Who’s More Cynically Using Religion: Trump Or His Religious Right Boosters?

President Donald Trump and spiritual adviser Paula White at White House ceremony on religious liberty executive order; image from CNN

The Religious Right’s mixed reaction to last week’s highly staged Rose Garden signing of an executive order on religious liberty might be a useful gauge of leaders’ level of cynicism—or their willingness to play along with Trump’s own cynical use of religion, like his Bible-waving on the campaign trail.

President Trump gathered many of his Religious Right backers for a Wednesday evening dinner, and then on Thursday held a photo-op in the White House Rose Garden where he could get pictures taken with individuals like Cardinal Wuerl, archbishop of Washington, D.C., Rabbi Marvin Hier, who prayed at his inauguration, and Penny Nance of Concerned Women for America.

Trump’s rhetoric about protecting religious liberty was soaring, but the actual language of his order fell far short, so much so that the American Civil Liberties Union, which had geared up to challenge the order in Court, announced that it wouldn’t bother because “it turned out the order signing was an elaborate photo-op with no discernible policy outcome.”

Trump elevated the issue of the Johnson Amendment throughout his presidential campaign, warning that it was used to bully and censor pastors by threatening to take away their tax-exempt status if they engage in explicit electoral politics, even though, as Dahlia Lithwick notes, the “only such instance anyone can cite is a 1995 case in which the IRS denied the nonprofit status of an upstate New York church after it took out a full-page newspaper ad warning Christians not to vote for Bill Clinton.”

Rather than address the politically charged question of whether business owners, among others, can use their religious beliefs to justify refusal to provide services to LGBTQ people or same-sex couples, Trump’s order took a tepid step toward fulfilling his campaign promise to “destroy” the Johnson Amendment, the legal restriction that bars churches and other tax-exempt nonprofits from engaging directly in electoral politics. Conservative Christian writer Rod Dreher complained that the executive order contains “nothing—zip, nada—to protect the religious liberty of people who dissent from LGBT rights dogmas.”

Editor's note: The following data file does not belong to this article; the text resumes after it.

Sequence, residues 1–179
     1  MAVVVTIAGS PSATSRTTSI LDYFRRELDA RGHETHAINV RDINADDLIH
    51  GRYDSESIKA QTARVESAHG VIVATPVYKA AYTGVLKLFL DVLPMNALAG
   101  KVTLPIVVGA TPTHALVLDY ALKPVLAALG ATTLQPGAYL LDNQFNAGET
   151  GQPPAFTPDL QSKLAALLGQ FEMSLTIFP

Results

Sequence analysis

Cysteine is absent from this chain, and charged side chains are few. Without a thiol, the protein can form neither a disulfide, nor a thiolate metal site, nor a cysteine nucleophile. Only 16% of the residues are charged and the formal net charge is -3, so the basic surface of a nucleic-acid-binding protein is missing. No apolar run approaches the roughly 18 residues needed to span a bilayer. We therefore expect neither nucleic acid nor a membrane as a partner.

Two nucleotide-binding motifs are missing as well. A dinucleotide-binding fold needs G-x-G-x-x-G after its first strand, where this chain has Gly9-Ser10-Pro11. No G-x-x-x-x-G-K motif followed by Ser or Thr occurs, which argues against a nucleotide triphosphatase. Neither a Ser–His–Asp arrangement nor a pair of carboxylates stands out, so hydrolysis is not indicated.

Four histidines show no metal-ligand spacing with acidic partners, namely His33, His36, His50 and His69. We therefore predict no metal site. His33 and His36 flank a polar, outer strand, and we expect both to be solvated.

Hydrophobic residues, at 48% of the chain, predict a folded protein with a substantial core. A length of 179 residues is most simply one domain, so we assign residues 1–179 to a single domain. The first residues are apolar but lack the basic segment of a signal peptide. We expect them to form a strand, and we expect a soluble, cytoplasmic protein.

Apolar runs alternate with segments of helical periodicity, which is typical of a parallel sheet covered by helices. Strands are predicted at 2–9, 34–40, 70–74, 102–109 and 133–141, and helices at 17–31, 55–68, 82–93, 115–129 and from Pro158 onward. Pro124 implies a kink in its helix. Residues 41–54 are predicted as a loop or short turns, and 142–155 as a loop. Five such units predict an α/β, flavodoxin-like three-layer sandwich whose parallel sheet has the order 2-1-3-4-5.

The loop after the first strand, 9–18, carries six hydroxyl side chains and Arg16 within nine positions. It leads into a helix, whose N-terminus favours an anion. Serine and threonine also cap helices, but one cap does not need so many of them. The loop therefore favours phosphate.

Trump was eager for a photo-op with the Little Sisters of the Poor, who have been arguing in court that the Obama administration’s accommodation for religious groups opposed to contraception being covered in their employees’ insurance policies did not go far enough. But even in their case, all Trump’s order does is direct the Treasury, Labor and HHS departments to “consider” changing their regulations.

Reaction by Religious Right leaders seemed to depend in part on whether a person had been an eager Trump booster or more on the skeptical-to-Never-Trump end of the spectrum. Many who had hoped for an order similar to the sweeping draft that leaked three months ago were bitterly disappointed. Radio host Steve Deace called the executive order “the definition of getting peed on and being told it’s raining.” Deace had harsh words for Trump’s cheerleaders: “Believers should pay very close attention to who shills for this fake religious freedom executive order, and who tells the truth.”

He had plenty of company. “Religious conservatives, we’ve been had,” said Dreher. “Who can plausibly deny it now?” Robert George, a Princeton University professor and the leading intellectual of the anti-LGBTQ Right, fumed that Trump was getting cheered for “nothing,” calling the order “meaningless” and a “betrayal.” Writer Mark Silk called it a “nothingburger” that is “the presidential equivalent of stamping your feet in the Sahara to keep away the elephants.”

Saying that the “bull market for cynicism about Donald Trump continues,” Dreher wrote caustically, “If you are a preacher eager to politicize your pulpit and make yourself useful to Washington power brokers, President Trump is on your side.” Dreher is among religious figures across the political and religious spectrum who support the Johnson Amendment because they believe it protects the church from political manipulation. “The only thing of substance in this thing,” he wrote, “is that the president wants to free preachers up to raise money for him from the pulpit.”

The Heritage Foundation’s Ryan Anderson, a leading opponent of marriage equality and LGBTQ nondiscrimination laws, was dismissive of the “woefully inadequate” order, which he said was “a mere shadow of the original draft leaked in February.”

Twice now, he has failed to stand up for commonsense policy on religious liberty when liberal opponents lashed out against it.